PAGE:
With two weeks remaining until Montana’s May 25 special election to determine who will replace Ryan Zinke in the U.S. House of Representatives, both sides are bombarding the airwaves with attack ads, going after Republican Greg Gianforte and Democrat Rob Quist.
What’s true? What’s not? What’s in between? MTN News has fact-checked some of the central claims of these ads.
(NOTE: the Libertarian candidate, Mark Wicks, is not addressed in this article, as he has not run any campaign ads, and no candidate has run an attack ad against him. Wicks was included in our state-wide televised debate on April 29th, along with Gianforte and Quist.)
New Jersey millionaire? A day doesn’t go by without Democrats or Quist calling Gianforte a “New Jersey millionaire,” in press releases and TV ads, and they don’t mean it as a compliment.
Actually, Gianforte grew up in a Philadelphia suburb – before going to college at Stevens Institute of Technology in Hoboken, N.J., and living and working in New Jersey until moving to Montana in 1994. He also established and sold a company there, making him a millionaire before he came to Montana.
Gianforte and his wife, Susan, have lived in Bozeman for 23 years, raised their family in Montana, and co-founded RightNow Technologies here, the software firm that grew to 500 employees locally and was sold in 2012 to Oracle Corp. for $1.8 billion.
The Gianfortes are certainly millionaires, with a reported net worth between $65 million and $315 million – but they’ve been Montanans now for more than two decades.
Public lands/access: Ads from Quist blast Gianforte for “blocking stream access near his estate” and giving “big money to groups trying to sell our public lands.” The reality is a bit more complicated, to say the least.
The Gianfortes sued the state in 2009, saying a public easement across their property, that granted access to the East Gallatin River, was erroneous and should be removed.
The state initially disagreed, but eventually reached an agreement that removed the easement and set up an alternative route nearby to allow fishing access to the river.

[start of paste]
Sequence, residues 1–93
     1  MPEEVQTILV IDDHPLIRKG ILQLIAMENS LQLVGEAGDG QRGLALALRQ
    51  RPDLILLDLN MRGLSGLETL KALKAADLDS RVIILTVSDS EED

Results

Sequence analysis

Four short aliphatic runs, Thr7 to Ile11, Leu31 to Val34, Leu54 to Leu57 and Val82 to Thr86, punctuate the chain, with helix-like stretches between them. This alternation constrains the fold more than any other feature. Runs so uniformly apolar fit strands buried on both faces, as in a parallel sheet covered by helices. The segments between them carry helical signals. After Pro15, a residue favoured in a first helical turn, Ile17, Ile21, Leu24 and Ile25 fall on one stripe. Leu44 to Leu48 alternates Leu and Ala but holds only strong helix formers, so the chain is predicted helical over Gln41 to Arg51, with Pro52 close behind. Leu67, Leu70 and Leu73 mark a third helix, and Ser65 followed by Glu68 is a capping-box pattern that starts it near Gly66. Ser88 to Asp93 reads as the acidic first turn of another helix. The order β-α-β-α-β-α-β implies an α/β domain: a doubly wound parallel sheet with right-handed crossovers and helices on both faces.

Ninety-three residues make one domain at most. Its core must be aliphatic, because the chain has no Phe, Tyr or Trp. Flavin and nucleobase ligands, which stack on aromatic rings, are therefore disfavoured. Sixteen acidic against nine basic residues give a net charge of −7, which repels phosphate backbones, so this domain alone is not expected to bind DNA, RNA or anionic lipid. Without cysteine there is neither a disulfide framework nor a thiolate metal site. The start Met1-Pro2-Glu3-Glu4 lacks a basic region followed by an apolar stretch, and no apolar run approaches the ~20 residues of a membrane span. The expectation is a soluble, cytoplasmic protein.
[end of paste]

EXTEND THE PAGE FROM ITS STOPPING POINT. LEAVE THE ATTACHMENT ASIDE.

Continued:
The Gianfortes had fenced off the easement, before the dispute was resolved, but said there was easy access to the river on either side of their property north of Bozeman.
As for the groups “trying to sell our public lands”? Gianforte has donated nearly $40,000 to free-market, conservative groups that occasionally have argued the federal government should consider selling some public land.
Gianforte has said he adamantly opposes selling public lands – but favors local input on management of some federal lands.
Tax policy: Quist ads accuse Gianforte of supporting a state sales tax in Montana and “more special tax breaks for millionaires like himself.”
The sales-tax comment quoted in the TV ads is from 15 years ago, when Gianforte spoke before then-Gov. Judy Martz’s tax advisory council, which was examining whether to cut Montana’s state income taxes.
He said it could be an “ideal solution” to move to a consumptive tax and cut or eliminate state income taxes, but acknowledged that a sales tax is politically unpopular in Montana.
Last year, during his campaign for governor, Gianforte also came out against a statewide sales tax.
The Quist ads alleging Gianforte supports “tax breaks for millionaires” references an MTN story from April 2016 that analyzed Gianforte’s tax proposal in the gubernatorial race.
The story noted that Gianforte’s proposal to eliminate Montana’s property tax on business equipment would primarily benefit large, out-of-state corporations – and that the majority of the benefits of his proposed income-tax reduction would go to higher-income households.
The Quist campaign also noted this week that Gianforte has expressed general support for President Donald Trump’s tax-reform plan and “Obamacare” repeal – both of which include tax cuts for millionaires.